In one paper, Environmental Science and Technology estimated that “a population of 100,000 people would produce approximately 1.02 kilograms of fibers each day.” That’s 793 pounds per year of individual, teeny-tiny plastic shards. So, even if wearing the same boxers for a full week doesn’t appeal to you on first blush, it may still be worth giving the idea of clothes that don’t need to be washed with every weave a bit more consideration.


Extended Reading

The U1 chip in the iPhone 11 is the beginning of an Ultra Wideband revolution
As we wrote last week, the fact that Apple didn't talk up the U1 chip much during its September 10 event belied its cool potential applications. Over the past few days, others have expounded on U1's broad applications. On Six Colors, Jason Snell and Dan Moren argue that the U1 chip is a momentous step akin to Apple's adoption of Wi-Fi in the first iBook, and that it could herald an Ultra Wideband revolution.

In New York City, the Ultra Wideband future is extremely close: in less than a week (September 26, to be exact), customers in parts of the city will be able to access Verizon's 5G Ultra Wideband network. This will make New York the 11th city with Verizon 5G mobility services.

How Wi-Fi Almost Didn't Happen
We frequently take technologies for granted after they've been around for a while. Take, for example, the lightbulb. A mundane object now, at the time of its discovery in the 19th century the lightbulb was a miraculous gasless, flameless, oilless form of light. One could say the same today for the Internet.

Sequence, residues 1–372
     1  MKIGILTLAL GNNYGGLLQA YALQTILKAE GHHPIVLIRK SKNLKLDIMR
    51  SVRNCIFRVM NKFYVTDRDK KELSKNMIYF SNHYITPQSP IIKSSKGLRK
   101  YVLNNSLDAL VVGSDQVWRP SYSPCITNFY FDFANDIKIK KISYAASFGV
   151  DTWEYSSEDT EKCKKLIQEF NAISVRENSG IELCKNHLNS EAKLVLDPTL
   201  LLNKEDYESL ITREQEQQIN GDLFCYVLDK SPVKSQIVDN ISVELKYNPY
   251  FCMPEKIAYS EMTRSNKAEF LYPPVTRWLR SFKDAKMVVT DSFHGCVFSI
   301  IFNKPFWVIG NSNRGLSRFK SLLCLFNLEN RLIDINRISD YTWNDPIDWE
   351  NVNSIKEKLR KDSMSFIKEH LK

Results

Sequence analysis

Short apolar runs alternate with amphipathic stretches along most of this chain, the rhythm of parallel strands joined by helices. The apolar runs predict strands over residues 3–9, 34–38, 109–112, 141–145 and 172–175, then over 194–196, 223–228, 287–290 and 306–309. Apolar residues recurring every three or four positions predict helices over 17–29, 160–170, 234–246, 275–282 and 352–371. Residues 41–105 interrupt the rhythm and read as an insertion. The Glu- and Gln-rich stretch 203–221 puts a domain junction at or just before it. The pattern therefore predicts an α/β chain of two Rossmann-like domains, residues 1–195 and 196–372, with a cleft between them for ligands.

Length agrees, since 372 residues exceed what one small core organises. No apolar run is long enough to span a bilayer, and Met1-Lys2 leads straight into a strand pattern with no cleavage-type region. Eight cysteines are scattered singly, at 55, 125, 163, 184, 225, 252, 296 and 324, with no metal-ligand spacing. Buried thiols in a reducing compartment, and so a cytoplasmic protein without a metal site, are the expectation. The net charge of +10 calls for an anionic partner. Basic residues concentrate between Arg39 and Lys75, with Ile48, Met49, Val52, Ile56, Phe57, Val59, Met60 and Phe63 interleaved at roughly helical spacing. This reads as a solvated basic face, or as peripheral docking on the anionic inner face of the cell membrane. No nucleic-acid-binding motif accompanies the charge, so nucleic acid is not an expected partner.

However, as Jeff Abramowitz, author of the IEE 802.11/802.11b standards and founder of the Wi-Fi Alliance recalls in a WIRED Article, home radio frequency (homeRF) was a serious competitor to Wi-Fi in 1999. Ultimately, With-Fi won out, thanks in no small part to the Wireless Ethernet Compatability Alliance (WECA), which made two key decisions: first, to choose "Wi-Fi" (a riff on "hi-fi" or "high-fidelity") over "FlankSpeed" for the IEEE's second-generation standard, 802.11b, and second, to focus on "go-anywhere" connectivity.

Research: Companies Led by Inventors Produce Better Innovations
Steve Jobs one said that a company's innovative horsepower is determined not by money, but by "the people you have, how you're led and how much you get it." Somewhat unsurprisingly, several studies have proven Jobs was right: leaders play a key role in a firm's innovation success. One type of leader in particular, the inventor CEO (is anyone else irresistibly reminded of the HBO documentary about Elizabeth Holmes?), tends to help their company produce more and better innovation.

Sandisk CEO Sanjay Mehrota, who holds over 70 patents, offers some insight into why this might be the case.